IT WAS the end of the Day 4 visit in Kyoto. The blue of the sky was diving into its deeper hue and the horizon was dressed in vermilion.
Officially I was in the Gion upon stepping on the grounds of Yasaki-jinja (formerly called the Gion Shrine) coming from the Higashiyama ward. I couldn't let a tour of the temple pass so I made a quick round before making my way to the famous street in the district.
While the Yasaki-jinja or Gion shrine is the most famous in the area developed in the Middle Ages, there are the smaller shrines and temples like the Meyami Jizo dedicated to Jizo, who is a “legendary super-hero and faith healer”, Yasui Kompira-gu Shrine, which features a “power stone”; Kennin-ji Temple, the oldest Zen temple in Kyoto; and the Ebisu-jinja Shrine, which is dedicated to Ebisu, the god of good fortune and prosperity.
There’s also the 1610-founded Minamiza Kabuki Theater, one of the seven officially licensed Kabuki theaters built in the early Edo period. The current building was built in 1929 and is a Registered Tangible Cultural Property; and the 1873-founded Gion Kobu Kaburenjo Theater, which hosts a Geisha performance called the Miyako Odori every April.
Daytime could have been a good time to visit Gion and see its attractions, but I made it to the place very late in the day. Suffice to say, I missed out on what the ward has to boast of.
But to walk the “streets of Edo” was the original plan and I made it happen at the most famous street in the district—the Hanamikoji (Hanami-koji translates to “blossom viewing lane”).
I was in the area for another kind of viewing. I know I’m one of the tourists (with fingers crossed) along the street wishing to get a glimpse of the “woman of art” and nightfall was a good time for the plan. Evenings yield a high chance of spotting a geisha scurrying to an appointment. That would be quite a sight.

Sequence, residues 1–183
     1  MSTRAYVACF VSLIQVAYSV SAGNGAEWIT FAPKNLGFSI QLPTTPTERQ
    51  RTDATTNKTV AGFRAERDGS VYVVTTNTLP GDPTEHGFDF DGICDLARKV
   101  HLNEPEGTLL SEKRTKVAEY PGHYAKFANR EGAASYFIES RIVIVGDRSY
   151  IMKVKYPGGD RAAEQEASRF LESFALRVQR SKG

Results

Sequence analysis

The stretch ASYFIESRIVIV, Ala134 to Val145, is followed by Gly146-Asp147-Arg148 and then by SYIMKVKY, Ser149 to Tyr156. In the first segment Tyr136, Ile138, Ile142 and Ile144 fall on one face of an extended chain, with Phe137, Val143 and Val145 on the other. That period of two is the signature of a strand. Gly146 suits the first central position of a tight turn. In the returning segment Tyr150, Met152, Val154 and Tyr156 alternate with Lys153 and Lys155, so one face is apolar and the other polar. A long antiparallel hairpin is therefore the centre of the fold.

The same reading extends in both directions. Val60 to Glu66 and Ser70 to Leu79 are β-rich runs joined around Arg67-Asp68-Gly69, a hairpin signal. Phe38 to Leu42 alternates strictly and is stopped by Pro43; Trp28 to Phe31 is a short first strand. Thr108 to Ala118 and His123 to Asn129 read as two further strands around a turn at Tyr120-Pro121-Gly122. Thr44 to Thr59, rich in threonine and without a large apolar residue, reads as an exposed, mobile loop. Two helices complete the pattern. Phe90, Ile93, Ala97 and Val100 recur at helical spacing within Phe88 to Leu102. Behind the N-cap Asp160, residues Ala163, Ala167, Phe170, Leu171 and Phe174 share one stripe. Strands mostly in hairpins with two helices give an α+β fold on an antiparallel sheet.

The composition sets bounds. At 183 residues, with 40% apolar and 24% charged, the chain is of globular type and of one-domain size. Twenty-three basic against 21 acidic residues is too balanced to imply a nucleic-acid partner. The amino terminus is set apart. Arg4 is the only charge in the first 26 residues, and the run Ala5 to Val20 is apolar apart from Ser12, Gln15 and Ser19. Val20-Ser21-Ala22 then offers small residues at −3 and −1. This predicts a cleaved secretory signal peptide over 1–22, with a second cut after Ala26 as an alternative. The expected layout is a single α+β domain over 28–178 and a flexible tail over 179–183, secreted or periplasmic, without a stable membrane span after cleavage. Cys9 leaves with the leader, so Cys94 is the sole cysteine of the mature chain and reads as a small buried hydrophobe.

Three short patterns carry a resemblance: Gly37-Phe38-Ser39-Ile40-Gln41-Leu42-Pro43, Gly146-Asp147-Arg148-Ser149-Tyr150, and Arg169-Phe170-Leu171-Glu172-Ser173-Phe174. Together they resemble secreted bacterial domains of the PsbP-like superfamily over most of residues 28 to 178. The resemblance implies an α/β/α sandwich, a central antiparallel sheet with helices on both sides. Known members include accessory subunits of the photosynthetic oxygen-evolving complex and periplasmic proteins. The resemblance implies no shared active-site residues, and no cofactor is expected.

Hanamikoji is a well-preserved strolling lane in Gion flanked with traditional teahouses called “ochaya”, restaurants and specialty shops.
The narrower side streets revealed a few more dining places, a sake shop and a chef choosing ingredients from a delivery truck from a restaurant’s backdoor, a street sign illustrating the “don’ts”, which included do not touch the geisha you see on the street. I even “trespassed” an old style Japanese house (called “machiya”). Its open gate displayed a charming landscaped path and apparently the structure at the end of it is a private residence.
Luck was on my side. I spotted two geisha. I wasn’t quick enough to draw my camera so I captured only their backs as they hurried back to their residence.
I have a confession. It wasn’t the first time I caught sight of a geisha. The first one was during daytime at some reception of a gallery. No, I wasn’t invited. I was walking by the gate when I saw her.
But the Gion sighting was different. It had a more genuine old world aura to it.
If you’re planning to visit Hanamikoji, take notice of the structure with a red wall as you enter the street from Shijo Dori. It’s a 300–year old teahouse called Ichiriki Chaya, one of the exclusive and high-end establishments in the district offering geisha entertainment to the most influential people who get invited.
Does “The Tale of the 47 Ronin” ring a bell? The Ichiriki teahouse played a major part in the legendary samurai vendetta in the 18th century.
That’s another entry off the bucket list.
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